Saturday 26 September, 2020

PM urged to hold off in calling elections amid COVID-19

File photo of Prime Minister Andrew Holness addressing JLP supporters at a party meeting.

File photo of Prime Minister Andrew Holness addressing JLP supporters at a party meeting.

Citizens Action For Free and Fair Elections (CAFFE) is urging Prime Minister Andrew Holness to hold off on calling the General Elections at least for the next three months, in light of the uncertainties presented by the coronavirus, (COVID-19) outbreak.

Speculation has been rife that, although not constitutionally due until 2021, Holness will be sending Jamaicans to the polls this year, possibly shortly after the Budget presentations are completed. These presentations will be wrapped up in short order.

In a statement Wednesday, CAFFE, which monitors elections in Jamaica, acknowledged that it is the prerogative of the prime minister to call the elections at any time. It also said it is prepared to perform its civic duty to monitor the elections whenever they are called.

However, CAFFE said the elections should be postponed for several reasons including the “threat of the COVID-19 pandemic (which) has begun to disrupt all national, communal and personal plans and activities”.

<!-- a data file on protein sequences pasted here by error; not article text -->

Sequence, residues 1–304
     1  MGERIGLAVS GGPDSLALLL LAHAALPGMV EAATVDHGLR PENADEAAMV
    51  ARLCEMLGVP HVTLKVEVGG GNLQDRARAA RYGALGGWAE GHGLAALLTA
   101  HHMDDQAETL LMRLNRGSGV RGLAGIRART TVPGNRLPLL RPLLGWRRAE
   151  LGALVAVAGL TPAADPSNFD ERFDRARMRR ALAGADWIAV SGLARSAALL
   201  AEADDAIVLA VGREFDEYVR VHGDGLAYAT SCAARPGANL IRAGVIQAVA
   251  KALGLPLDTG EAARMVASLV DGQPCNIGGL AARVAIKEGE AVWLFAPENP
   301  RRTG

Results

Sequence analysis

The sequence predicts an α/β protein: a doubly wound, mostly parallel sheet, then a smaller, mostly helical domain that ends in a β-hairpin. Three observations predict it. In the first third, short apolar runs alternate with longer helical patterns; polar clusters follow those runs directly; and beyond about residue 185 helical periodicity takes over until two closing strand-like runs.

“The prevailing situation makes it impossible for CAFFE, the Electoral Commission, the political parties and other civic organisations to proceed with their pre-election activities,” CAFFE stated.

The elections watchdog also pointed out that, from the beginning of May to the first week of June, students in high schools and universities will be engaged in the preparation for, and sitting of scheduled examinations.

“Unless the examinations are postponed, General Elections in this period would be highly inconvenient because teachers and students will need to be concentrating on the exams at that time,” CAFFE argued.

It also noted that: “Many teachers are election officers and would therefore have conflicting demands on their time and attention”.

CAFFE also said many school buildings are used as the location for polling stations and to conduct elections in these buildings could be disruptive of the exam arrangements.

“This means that the elections cannot prudently be called before the second week of June and, considering the preparatory work needed, June should be ruled out altogether,"  CAFFE said.

Although not stated by CAFFE, schools, universities and teachers’ colleges have been closed for two weeks effective March 13 and there is no clear indication yet as to how this time will be made up.

Additionally, based on the Government’s own directive, gatherings of 20 or more people are prohibited, making it difficult for polls to be conducted since large numbers of people would be in close proximity to each other, the electon observers said.

CAFFE said it therefore recommends that this should be made clear by the prime minister so that there will be no temptation for holding gatherings in connection with the anticipated elections. Instead, it said the country’s efforts should be concentrated on overcoming "this major threat to personal and national well-being."

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